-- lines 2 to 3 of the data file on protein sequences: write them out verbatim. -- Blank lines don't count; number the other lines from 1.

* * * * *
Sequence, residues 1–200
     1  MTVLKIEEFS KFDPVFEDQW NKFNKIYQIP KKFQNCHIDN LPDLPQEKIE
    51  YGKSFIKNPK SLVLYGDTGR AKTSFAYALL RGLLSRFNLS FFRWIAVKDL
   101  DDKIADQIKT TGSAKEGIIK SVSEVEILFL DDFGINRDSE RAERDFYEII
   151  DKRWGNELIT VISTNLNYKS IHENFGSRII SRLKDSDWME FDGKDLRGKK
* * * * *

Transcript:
     1  MTVLKIEEFS KFDPVFEDQW NKFNKIYQIP KKFQNCHIDN LPDLPQEKIE
    51  YGKSFIKNPK SLVLYGDTGR AKTSFAYALL RGLLSRFNLS FFRWIAVKDL